The success of a team is determined by soo many more factors than blocked shots that it's difficult to use it alone to see if it helps a team or not

I agree, but its interesting nonetheless.

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05-28-2013, 05:42 PM
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Originally Posted by thom View Post
I read a stat that said LA Kings won cup despite blocking the least amount of shots.Can someone back that point?

The Kings blocked 715 shots last year at even strength during the regular season, the lowest in the NHL. There are two reasons: 1) the Kings had the second lowest Blocked shot percentage at even strength at 22.92% . 2) The kings were such a good possession team last year that they let the third least amount of Corsi against.

So yes, at even strength in the regular season they were awful at shot blocking.

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05-28-2013, 05:46 PM
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Originally Posted by Meteor View Post
Do you know if there is any correlation between shots allowed and shot blocking rates? Intuitively, teams which block a higher percentage of shots should allow less shots on goal, and thus have a higher goal differential and chance of winning.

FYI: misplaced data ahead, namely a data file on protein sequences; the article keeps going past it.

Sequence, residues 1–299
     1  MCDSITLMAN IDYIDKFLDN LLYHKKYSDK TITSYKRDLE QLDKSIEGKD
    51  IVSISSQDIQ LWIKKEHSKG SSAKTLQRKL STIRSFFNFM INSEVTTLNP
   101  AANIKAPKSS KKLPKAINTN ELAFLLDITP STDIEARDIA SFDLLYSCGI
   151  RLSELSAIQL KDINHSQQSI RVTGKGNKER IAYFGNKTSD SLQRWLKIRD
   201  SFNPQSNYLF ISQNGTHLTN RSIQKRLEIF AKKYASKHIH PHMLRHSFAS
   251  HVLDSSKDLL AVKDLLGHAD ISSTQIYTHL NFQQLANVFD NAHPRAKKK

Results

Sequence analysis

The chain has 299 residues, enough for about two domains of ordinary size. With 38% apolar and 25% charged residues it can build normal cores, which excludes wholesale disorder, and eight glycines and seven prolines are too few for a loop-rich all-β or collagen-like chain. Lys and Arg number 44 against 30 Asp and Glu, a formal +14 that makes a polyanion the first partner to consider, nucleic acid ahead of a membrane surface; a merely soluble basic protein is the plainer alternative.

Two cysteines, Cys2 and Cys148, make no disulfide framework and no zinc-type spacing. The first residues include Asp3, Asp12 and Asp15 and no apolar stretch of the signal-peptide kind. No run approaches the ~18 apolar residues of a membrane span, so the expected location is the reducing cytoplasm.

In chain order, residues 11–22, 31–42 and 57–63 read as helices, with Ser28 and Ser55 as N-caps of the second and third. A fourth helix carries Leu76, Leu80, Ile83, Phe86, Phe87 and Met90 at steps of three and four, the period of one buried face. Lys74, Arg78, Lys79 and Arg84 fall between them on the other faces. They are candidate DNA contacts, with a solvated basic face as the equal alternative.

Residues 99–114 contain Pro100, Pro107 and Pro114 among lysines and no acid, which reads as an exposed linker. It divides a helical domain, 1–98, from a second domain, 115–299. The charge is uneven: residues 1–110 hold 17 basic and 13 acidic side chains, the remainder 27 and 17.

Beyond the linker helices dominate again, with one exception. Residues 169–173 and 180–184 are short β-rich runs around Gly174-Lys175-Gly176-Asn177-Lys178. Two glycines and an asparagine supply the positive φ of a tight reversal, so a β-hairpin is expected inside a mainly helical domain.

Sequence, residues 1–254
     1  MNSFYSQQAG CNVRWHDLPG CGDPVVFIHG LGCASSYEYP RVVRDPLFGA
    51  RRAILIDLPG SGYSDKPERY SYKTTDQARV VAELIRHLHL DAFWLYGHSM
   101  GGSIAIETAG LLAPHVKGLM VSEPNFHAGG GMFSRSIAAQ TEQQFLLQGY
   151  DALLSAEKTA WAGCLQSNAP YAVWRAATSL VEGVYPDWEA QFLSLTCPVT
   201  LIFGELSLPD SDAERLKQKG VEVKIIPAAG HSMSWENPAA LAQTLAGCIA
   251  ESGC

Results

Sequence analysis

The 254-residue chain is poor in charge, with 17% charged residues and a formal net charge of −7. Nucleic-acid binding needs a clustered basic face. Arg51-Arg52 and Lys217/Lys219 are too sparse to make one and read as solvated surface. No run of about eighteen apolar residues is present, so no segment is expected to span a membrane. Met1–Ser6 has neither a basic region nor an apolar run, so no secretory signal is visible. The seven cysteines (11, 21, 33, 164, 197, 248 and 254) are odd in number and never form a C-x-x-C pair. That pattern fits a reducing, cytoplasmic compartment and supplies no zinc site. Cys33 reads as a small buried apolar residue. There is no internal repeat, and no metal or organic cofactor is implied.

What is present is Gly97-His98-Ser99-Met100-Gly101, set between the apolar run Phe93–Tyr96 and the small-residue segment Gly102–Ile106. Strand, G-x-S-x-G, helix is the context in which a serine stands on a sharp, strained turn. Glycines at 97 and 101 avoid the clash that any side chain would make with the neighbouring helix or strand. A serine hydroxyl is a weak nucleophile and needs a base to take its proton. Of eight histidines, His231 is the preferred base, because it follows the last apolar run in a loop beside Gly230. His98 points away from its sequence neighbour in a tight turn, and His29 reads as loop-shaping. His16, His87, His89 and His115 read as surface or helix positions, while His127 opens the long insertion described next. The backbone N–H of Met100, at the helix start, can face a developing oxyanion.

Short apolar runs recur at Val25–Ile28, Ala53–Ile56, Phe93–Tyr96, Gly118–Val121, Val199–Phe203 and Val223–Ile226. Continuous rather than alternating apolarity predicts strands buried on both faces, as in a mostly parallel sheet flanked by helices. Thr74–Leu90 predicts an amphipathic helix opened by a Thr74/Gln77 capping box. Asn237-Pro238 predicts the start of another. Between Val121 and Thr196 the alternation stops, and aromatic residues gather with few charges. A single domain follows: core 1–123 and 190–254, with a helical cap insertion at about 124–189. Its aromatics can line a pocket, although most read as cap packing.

It would be hard to figure out because there are other factors that have a greater effect on shots allowed. A really bad team could give up a ton of shots but be a really good shot blocking team.

Of course if you have two teams that give up the same amount of shot attempts (shots + missed shots + blocked shots) and one team blocks at a much higher rate then that team will give up less shots on goal than the other team. So blocking shots at a higher rate can be a significant factor, but i'm just not always sure how to isolate the importance of shot blocking rates.

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05-28-2013, 06:25 PM
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Originally Posted by Cunneen View Post
I agree, but its interesting nonetheless.
What's interesting is that blocking shots doesn't seem to have much, if any effect on goals against.